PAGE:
All that said, I find myself reaching more for my MSR Pocket-Rocket these days for more casual non-winter trips. It’s just soooo much easier to flip on a stove and have instant heat. The XGK is a workhorse, the Hummer H1 of the stove world, and it’s great when you need it. But for an everyday driver good canister stoves are wonderful.

Like I said, I have had great luck and very good customer experience with MSR (and other CDI companies, for that matter). Other people tend to have good things to say about Primus and Brunton Optimus stoves, MSR has proven themselves too well to me to look elsewhere.

Wally World
Head there.

You will be quite surprised at some of their camping stuff, and the price won’t break the bank.

You will probably be able to completely outfit yourself, for summer camping, (excluding dry bags) for a couple hundred bucks.



On other equipment… (and your budget)

– Last Updated: Nov-09-05 6:35 AM EST –

IMHO, one of the worst things a novice can do is to skimp on essential gear. Which is not to say they need to buy the highest end assault tent, or lay out $700 smackaroos for a Feathered Friends sleeping bag. But buy quality, because when you are depending on something in the wilderness it pays back ten fold when it's needed. If novice buys a crappy tent, and gets stuck soaking wet after a nasty storm, their interest is often spoiled. Likewise with a cheap sleeping bag and pad, which can mean a night spent shivering cold. Or a horrible stove that means cold food, etc, etc, etc. After all, good gear that is used for years is a better investment than cheap gear that gets used once.

For sleeping bags, I'm going to agree for paddle sports a synthetic bag is the way to go. For mountain and general use I still think down is superior. But the big thing is that down does not insulate when wet (and costs more), while synthetic can retain loft while wet, and therefore insulation (and syn is cheaper). Obviously insulation value when wet is important when you're talking paddle sports.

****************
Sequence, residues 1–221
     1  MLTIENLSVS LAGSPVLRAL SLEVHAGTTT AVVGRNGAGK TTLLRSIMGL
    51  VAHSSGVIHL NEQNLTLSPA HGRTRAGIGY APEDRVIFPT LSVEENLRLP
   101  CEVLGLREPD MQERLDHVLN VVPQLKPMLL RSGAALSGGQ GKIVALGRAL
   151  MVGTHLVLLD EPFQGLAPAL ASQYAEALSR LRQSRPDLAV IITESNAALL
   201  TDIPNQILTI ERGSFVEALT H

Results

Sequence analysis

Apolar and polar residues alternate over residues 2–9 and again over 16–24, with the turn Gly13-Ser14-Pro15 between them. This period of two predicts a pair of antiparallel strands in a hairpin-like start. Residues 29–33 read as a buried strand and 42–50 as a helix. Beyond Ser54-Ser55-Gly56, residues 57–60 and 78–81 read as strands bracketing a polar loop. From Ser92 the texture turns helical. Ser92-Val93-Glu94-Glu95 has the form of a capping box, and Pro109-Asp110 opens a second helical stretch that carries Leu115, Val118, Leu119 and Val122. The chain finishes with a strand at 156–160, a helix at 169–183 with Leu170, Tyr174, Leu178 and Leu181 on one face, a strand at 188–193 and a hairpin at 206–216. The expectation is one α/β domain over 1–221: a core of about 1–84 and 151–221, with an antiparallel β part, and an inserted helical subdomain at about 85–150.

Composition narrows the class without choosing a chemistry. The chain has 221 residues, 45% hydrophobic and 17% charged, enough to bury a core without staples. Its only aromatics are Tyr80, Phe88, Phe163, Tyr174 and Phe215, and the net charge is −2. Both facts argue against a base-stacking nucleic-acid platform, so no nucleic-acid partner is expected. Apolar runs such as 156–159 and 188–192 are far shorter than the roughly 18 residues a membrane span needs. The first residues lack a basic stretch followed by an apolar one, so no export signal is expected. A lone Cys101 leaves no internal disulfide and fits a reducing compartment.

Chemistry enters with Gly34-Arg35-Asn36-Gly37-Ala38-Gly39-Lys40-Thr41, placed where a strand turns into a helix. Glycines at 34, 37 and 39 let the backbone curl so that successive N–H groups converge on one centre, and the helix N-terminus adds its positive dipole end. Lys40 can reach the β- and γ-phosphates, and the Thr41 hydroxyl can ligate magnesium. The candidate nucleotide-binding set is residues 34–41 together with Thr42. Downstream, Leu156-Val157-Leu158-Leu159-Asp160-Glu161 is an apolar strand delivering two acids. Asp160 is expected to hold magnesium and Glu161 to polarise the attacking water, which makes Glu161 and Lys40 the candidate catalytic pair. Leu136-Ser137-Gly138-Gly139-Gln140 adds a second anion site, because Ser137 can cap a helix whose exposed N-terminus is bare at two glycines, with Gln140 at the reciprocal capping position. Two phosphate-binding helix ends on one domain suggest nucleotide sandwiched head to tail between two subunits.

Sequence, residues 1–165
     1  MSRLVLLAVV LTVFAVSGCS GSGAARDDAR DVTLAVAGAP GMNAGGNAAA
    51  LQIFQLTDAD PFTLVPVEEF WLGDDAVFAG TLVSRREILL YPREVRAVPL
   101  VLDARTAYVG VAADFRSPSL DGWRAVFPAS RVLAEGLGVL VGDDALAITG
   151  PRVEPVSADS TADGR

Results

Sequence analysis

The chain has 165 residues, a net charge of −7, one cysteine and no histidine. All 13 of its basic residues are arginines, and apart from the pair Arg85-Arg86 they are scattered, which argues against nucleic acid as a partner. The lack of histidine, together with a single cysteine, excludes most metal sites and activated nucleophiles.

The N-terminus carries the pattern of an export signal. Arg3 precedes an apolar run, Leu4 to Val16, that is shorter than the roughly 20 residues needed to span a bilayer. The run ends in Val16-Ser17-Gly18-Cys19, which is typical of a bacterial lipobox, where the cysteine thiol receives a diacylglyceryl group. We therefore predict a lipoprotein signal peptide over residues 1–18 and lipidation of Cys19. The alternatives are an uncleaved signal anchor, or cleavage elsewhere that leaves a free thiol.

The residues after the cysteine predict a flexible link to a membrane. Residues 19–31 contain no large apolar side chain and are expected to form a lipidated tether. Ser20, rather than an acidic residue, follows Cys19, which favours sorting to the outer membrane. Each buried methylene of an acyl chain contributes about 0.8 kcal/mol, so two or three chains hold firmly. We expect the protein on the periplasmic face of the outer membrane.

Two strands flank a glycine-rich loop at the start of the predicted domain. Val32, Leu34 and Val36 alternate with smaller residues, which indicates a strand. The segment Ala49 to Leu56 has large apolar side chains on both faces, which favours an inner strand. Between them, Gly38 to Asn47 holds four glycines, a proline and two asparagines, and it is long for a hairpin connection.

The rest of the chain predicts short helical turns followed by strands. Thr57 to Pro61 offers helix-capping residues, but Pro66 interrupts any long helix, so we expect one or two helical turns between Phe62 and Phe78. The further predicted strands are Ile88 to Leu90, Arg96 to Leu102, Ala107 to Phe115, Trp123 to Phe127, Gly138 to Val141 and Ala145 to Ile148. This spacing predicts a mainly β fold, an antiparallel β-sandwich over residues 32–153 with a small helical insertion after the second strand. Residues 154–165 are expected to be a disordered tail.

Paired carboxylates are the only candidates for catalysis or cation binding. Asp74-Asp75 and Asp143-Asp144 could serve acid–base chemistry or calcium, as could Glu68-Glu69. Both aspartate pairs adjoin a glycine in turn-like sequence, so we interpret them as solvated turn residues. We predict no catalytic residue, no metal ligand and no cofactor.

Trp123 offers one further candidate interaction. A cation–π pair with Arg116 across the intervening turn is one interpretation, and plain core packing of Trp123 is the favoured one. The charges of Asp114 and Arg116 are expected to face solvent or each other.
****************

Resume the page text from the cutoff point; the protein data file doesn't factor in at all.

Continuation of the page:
When you're climbing in the snow, or hiking in the rain, your sleeping bag can obviously be assualted by water or snow. But shell laminates like eVent and Epic can battle this assault from the outside while still allowing the fabric to breath. I've slept in wet falling snow in a down bag with an eVent shell without bivy and remained dry. But when you're talking about paddling the risk of actual immersion exists, which is a different ballgame. A shell material isn't going to make a difference if the bag is immersed in water. Water is going to make its way through seams and zippers and through the lightweight very non waterproof interior lining, and the bag will be soaked. In other words, you want synthetic. Plus, downs' major advantage is higher loft for lighter weight, which doesn't make as big a diff when you're operating from a boat.

For sleeping pads, you can actually do fine for cheap. A good quality closed cell foam mat is great. The standard is the Ridge-Rest, or Z-Rest. Cheap, light, good insulation value, waterproof. On the other hand, bulky. Very Bulky. The Thermarest or other self inflating pad solves much of the bulk problem, but at a higher cost, and with the risk of puncture. If you carry an inflating pad of any type, bring a good patching system. At the top of the line you have the inflating down mat, notably the Exped. Oh so warm, and oh so comfy. Same puncture risk as other inflating mats.